If you were to design a car from my dream journal, it would have one gauge: a solitary light that comes on when you’ve got a single gallon of gas left. The McLaren 720S has the next best thing.

Driving this car free of nonsensical distractions like those little needles dancing around is so joyous, so pure... and we haven’t even started talking about really standing on the gas pedal yet.

Driving it: The Highlights

The 720S does not need to be on a race track to be appreciated. I was pleasantly surprised by the suspension’s compliance over the cobblestone streets of Rome, and 360-degree parking cameras make it mercifully easy to get around a gas station. We have remarked before about how livable some of these McLarens are, almost like big mid-engined Lexuses in their most dialed-down and comfortable settings. Same story here.

But every sweat-pouring second I spent backing that beautiful beast out of parking lots and scooting around Vespas I was actually fantasizing about the moment, the clear stretch, the empty back road where I could put the pedal down and do something dumb.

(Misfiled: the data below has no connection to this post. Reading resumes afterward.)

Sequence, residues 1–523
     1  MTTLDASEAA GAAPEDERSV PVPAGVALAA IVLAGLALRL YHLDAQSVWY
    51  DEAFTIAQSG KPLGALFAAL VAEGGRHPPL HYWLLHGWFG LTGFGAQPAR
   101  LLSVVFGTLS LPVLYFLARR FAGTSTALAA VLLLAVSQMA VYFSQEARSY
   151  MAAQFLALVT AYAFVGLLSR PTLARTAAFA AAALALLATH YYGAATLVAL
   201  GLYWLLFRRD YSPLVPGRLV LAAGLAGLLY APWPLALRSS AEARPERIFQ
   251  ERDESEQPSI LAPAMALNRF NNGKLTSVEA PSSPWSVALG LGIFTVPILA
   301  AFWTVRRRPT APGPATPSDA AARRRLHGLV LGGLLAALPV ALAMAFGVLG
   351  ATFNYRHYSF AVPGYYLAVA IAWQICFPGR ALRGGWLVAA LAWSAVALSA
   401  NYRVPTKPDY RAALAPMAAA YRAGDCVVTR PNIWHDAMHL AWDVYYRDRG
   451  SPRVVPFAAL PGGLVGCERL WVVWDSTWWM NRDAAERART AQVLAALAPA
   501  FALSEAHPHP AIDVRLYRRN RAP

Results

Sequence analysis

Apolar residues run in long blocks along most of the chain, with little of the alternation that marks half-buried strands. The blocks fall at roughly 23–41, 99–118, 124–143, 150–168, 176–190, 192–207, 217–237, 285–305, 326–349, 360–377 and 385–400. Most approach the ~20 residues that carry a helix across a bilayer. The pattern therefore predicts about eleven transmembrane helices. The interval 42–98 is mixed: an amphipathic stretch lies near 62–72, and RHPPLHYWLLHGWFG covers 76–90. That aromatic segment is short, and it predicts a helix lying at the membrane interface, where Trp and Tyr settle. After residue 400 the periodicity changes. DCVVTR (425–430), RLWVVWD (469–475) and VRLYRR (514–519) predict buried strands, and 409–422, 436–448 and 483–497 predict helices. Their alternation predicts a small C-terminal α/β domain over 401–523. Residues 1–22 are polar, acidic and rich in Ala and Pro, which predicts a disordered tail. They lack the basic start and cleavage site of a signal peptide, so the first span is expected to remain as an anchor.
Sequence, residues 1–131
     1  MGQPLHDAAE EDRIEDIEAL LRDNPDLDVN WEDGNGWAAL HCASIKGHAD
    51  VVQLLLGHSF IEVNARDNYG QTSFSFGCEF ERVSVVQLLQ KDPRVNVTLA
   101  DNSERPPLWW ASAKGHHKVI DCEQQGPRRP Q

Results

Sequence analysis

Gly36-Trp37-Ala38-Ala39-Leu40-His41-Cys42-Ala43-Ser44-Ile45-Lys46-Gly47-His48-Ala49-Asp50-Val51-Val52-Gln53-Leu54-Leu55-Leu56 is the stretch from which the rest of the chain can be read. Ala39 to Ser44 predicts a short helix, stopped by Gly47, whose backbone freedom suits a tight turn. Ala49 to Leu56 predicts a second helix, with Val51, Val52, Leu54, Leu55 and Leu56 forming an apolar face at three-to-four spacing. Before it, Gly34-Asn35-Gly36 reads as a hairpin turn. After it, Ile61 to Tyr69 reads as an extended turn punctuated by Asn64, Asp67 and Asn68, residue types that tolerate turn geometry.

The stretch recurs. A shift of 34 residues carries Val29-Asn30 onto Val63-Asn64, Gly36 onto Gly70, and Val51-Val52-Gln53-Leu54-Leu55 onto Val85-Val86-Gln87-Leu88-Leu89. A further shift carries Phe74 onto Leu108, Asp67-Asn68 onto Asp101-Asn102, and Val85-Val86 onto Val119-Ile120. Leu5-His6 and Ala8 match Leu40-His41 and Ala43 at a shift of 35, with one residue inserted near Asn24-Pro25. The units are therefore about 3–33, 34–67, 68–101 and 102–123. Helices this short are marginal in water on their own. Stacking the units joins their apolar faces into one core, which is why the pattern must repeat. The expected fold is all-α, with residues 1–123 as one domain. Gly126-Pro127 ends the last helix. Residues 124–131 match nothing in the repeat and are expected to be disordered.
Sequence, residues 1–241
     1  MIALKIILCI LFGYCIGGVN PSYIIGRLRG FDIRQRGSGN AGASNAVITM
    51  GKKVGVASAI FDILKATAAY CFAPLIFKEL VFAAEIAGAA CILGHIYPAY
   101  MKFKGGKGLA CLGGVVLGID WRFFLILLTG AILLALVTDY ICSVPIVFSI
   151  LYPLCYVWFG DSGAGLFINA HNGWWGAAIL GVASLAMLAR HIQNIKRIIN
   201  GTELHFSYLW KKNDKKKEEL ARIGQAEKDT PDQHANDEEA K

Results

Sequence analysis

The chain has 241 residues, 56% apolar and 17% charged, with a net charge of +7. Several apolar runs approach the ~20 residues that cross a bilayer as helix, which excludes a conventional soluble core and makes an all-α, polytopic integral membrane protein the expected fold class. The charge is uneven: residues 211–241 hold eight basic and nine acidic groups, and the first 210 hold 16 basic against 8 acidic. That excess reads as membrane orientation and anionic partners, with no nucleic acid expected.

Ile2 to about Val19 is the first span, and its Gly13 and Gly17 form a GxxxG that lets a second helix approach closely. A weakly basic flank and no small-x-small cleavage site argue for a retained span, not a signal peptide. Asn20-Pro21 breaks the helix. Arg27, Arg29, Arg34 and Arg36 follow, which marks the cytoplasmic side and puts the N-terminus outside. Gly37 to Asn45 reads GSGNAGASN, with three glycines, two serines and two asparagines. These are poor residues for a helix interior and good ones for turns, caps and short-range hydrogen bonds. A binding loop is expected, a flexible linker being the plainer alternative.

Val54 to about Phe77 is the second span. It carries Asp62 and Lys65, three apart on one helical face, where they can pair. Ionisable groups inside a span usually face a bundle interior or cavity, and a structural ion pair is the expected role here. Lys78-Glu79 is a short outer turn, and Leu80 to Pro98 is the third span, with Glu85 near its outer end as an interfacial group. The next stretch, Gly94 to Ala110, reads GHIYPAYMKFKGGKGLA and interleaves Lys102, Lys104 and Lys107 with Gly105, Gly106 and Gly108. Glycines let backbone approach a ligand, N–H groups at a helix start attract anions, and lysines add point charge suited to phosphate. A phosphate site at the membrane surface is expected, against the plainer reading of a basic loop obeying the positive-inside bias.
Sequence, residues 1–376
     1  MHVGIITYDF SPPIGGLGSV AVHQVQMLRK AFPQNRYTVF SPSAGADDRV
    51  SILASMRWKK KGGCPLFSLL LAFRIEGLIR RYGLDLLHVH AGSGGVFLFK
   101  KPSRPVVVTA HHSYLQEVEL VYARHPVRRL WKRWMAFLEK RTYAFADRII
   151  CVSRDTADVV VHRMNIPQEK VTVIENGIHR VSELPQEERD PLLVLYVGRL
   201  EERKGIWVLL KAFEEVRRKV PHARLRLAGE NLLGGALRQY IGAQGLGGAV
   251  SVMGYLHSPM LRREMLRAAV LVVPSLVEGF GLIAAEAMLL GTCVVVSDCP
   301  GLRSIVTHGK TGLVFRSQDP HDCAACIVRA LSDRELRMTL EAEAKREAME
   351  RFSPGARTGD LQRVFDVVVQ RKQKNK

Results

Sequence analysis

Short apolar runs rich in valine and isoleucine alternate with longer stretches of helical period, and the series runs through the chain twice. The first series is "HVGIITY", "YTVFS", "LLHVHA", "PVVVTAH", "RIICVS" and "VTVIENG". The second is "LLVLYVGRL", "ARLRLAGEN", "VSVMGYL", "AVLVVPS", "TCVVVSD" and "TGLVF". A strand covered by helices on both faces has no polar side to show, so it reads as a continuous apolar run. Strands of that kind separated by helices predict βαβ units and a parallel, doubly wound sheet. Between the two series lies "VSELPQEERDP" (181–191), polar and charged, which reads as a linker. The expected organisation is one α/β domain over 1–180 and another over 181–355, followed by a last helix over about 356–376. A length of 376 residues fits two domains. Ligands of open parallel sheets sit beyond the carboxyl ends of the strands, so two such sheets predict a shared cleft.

Oh, that road came, alright. But the 720S was well prepared to compensate for my lunacy.

I rolled into the throttle and the car didn’t surge, it time-traveled. Remember how the stars stretch to streaks when Han Solo hits the hyperdrive on the Millennium Falcon? That’s what the trees lining the road look like from the cockpit of a 720S under a full sprint.

Everything blurs out from the vanishing point on the horizon and all other objects in motion stand still while the McLaren enters its own dimension.

“Are we going faster or did the rest of the world just slow down?”, I asked myself.

Hard to say, when everyone else on the road is in a clapped-out Fiat Panda, harder still when the 720S’ speed is so sneakily eclipsed by its rather gentlemanly composure.

Throughout this ascendance into light speed, the McLaren stayed as calm and flat as if it were just coasting out of the valet line.

Through country road corners, the steering was so sharp and the grip so assertive that I could feel the car looking back and laughing at me for being such a coward. You’d have to leave your sense of self-preservation well behind you to approach this vehicle’s limits on the road, and even then, I got the feeling the car would still take over and make up for a lot of lost talent.

Weak Spots

Yes, it has some.

The switches to move the 720S’ power seats might be one of the worst elements of Human Machine Interface I’ve ever encountered. Down is up, up is back, and the fact that a full day of driving wasn’t long enough for me to master something as mundane as the seat control means it must not be set up intuitively.